Dr. Daniel Orr rounded out his boxing education by watching a tape of the Derrik Holmes-Wilfredo Gomez fight Saturday night.
Earlier in the day, the oral and maxillofacial surgeon in Las Vegas had reconstructed Holmes' shattered jaw.
"It was a commentary on human nature," Orr said of the telecast. "Everybody was booing Derrik, assuming he was a coward. His own corner was even ragging him.
"I was amazed that he hung in there for as long as he did after suffering the break," Orr said. The fracture had come in the second round but the fight wasn't awarded to Gomez until the fifth.
"He had a displaced compound fracture. The bones were protruding into the mouth. His (upper left) wisdom tooth was split right in half. If you followed that line of fracture it matched the one in his jaw. The tooth was split by the same punch that broke the jaw."
"Every time Gomez hit him, it was making pieces of tooth and bone fall in his mouth. It must have been like sticking your finger in a light socket. Just bouncing around displaced the fracture."
Holmes was down eight times for counts, once without getting hit. He went down five times in the fourth round. His manager signaled referee Joey Curtis to stop the bout after Holmes went down for the second time, 2 minutes 39 seconds into the fifth round.
"The raw nerve ending was exposed," the doctor said. "The tooth was hanging out, then the jaw bone was displaced. There is a nerve going through the middle of the jaw bone that held the jaw together. The nerve itself wasn't injured."
The surgeon said the tooth was not abscessed, nor was there any "inherent weak spot in the jaw bone, though his gums were inflamed and probably sore last week during training.
"The fracture might have occurred because Derrik wasn't wearing his mouthpiece at the time, or because his mouth might have been open when he got hit, or his jaw was in a misplaced position.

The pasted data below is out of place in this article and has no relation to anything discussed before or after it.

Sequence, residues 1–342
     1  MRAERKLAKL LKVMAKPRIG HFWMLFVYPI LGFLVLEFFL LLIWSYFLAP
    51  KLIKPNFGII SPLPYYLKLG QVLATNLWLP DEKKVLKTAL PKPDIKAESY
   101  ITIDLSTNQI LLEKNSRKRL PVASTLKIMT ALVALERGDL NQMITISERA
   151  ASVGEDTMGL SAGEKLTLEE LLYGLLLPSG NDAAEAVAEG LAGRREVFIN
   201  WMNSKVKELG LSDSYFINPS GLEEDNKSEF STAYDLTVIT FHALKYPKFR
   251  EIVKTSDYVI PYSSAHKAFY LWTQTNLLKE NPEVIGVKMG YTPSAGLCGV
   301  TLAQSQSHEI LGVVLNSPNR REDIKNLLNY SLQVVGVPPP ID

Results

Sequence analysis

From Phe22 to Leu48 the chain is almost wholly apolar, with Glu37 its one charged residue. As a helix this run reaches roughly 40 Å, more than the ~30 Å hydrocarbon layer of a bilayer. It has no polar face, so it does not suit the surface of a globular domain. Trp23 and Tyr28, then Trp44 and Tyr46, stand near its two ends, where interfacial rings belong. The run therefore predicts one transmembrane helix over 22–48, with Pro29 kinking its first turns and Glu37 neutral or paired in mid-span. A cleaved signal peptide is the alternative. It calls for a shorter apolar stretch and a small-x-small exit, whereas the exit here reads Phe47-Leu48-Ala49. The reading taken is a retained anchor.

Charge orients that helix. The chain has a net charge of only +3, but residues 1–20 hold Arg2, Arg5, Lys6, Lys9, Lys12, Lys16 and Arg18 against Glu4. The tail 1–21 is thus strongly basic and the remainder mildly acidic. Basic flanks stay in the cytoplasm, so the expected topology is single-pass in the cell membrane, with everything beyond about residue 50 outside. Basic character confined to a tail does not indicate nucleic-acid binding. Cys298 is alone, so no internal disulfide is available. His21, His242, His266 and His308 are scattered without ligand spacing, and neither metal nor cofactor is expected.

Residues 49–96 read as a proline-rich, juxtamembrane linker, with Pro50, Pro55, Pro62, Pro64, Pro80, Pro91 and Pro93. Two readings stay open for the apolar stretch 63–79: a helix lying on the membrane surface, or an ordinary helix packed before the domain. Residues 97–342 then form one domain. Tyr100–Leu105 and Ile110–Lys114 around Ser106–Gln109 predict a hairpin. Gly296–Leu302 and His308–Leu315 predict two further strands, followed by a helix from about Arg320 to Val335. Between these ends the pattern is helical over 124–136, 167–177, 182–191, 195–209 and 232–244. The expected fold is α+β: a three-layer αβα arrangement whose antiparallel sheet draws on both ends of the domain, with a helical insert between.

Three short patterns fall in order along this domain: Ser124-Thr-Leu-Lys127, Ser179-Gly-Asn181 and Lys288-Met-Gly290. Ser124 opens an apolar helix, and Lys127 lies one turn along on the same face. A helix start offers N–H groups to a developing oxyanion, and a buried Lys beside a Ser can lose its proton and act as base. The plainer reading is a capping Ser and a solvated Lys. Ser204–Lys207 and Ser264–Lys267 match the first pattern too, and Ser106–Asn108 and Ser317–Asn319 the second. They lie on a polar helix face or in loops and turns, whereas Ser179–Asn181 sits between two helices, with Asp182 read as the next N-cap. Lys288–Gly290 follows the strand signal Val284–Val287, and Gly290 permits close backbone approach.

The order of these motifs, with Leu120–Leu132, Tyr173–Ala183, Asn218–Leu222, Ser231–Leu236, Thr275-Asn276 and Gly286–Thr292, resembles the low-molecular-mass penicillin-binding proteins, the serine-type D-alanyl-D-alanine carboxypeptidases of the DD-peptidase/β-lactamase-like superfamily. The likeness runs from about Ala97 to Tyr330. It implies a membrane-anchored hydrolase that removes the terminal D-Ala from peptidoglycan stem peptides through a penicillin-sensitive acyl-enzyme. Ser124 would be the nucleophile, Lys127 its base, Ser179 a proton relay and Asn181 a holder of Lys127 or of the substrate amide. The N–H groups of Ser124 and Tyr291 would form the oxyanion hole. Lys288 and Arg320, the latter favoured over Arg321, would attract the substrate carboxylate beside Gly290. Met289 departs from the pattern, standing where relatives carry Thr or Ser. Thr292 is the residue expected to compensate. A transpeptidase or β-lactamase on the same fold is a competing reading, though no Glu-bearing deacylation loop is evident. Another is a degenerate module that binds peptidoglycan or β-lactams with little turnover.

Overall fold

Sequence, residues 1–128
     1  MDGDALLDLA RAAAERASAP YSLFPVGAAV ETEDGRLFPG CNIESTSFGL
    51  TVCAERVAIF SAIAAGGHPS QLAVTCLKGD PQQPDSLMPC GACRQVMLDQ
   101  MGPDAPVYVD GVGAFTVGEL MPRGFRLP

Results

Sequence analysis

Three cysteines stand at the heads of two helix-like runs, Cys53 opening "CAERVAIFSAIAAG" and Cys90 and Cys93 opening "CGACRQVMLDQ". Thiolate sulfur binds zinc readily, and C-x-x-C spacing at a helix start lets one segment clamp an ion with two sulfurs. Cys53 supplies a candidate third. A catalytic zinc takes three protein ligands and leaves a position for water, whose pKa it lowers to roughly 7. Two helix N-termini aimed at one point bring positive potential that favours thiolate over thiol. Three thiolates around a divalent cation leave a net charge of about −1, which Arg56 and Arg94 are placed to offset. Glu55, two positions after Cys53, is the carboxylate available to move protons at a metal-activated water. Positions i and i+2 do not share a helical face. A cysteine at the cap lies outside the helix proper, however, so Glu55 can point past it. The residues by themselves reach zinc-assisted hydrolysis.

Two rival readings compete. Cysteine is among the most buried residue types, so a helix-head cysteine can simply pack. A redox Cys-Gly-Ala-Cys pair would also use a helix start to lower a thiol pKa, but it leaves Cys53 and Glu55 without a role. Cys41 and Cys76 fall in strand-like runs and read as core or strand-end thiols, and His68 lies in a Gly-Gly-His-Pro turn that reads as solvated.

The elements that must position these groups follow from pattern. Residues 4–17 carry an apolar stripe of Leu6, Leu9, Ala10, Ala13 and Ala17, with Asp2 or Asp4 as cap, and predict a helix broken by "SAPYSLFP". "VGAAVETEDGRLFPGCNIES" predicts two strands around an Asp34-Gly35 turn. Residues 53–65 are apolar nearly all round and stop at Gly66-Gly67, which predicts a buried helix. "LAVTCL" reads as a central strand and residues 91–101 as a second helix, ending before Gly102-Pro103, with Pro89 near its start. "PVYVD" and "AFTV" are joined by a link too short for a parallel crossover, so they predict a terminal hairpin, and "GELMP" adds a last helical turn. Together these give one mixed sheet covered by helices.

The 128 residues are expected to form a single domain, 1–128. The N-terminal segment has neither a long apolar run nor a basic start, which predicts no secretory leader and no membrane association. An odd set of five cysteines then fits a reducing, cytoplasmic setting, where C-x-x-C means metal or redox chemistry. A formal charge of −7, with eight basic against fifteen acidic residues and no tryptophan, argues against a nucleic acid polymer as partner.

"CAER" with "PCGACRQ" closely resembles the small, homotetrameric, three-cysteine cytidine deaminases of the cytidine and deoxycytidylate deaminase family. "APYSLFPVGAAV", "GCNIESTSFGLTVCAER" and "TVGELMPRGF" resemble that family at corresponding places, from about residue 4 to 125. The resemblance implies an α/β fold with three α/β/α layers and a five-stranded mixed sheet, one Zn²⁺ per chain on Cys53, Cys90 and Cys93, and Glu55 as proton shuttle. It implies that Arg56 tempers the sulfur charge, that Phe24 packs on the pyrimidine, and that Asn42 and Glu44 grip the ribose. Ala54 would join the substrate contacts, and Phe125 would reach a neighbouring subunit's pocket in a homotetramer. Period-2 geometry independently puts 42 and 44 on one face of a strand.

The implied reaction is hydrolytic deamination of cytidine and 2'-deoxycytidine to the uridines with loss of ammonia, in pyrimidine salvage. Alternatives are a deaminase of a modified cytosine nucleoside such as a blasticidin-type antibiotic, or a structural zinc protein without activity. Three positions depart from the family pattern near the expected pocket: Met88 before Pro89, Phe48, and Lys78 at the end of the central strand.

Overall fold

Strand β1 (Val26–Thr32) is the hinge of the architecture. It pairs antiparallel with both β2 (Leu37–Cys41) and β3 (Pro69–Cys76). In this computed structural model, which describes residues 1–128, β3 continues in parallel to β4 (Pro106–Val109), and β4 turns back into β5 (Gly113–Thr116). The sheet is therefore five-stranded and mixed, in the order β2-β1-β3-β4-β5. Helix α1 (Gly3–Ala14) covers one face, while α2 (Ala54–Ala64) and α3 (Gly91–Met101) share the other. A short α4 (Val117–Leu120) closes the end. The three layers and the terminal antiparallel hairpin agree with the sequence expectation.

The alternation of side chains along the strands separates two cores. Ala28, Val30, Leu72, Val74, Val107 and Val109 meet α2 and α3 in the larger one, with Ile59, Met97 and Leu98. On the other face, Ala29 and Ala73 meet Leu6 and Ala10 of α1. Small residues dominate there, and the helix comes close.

"I wish he had gone to a dentist beforehand; he might have averted all this. The repair is as good as anybody can ask for. I called in another oral surgeon; we didn't have to cut through the skin on his neck. We did it all inside his mouth.
"I've seen people with a broken jaw being hit just once and it hurt them so bad you couldn't touch them. If those fans had ever seen his mouth they would have admired Derrik's courage."
Orr's education about boxing would have been furthered had he attended a reading of the Nevada rules for Friday's bout. It was noted that the main-event fighters -- Holmes and Gomez -- would have their lives insured for $50,000 each, with only $25,000 coverage for the boxers in the preliminaries. There were hospitalization policies for Holmes and Gomez in the amount of $100,000, extending for 24 months after the bout.
In another development, Brent Molovinsky, business manager for Holmes, termed completely false remarks made about him on Sunday by John Holmes, the boxer's brother.
John said that Derrik had complained last week about an abscessed tooth to Gilbert (Billy) Ware, his manager, and added that Orr had told the family Friday night that if Derrik had such an infected tooth, it could have resulted in his being vulnerable to a broken jaw from a punch.
Molovinsky said he didn't know about Orr's reported statement until Saturday, when he was informed by Bernard Shankman, his attorney. Molovinsky said Shankman advised the family Friday night not to make any rash statements until Derrik's condition was determined.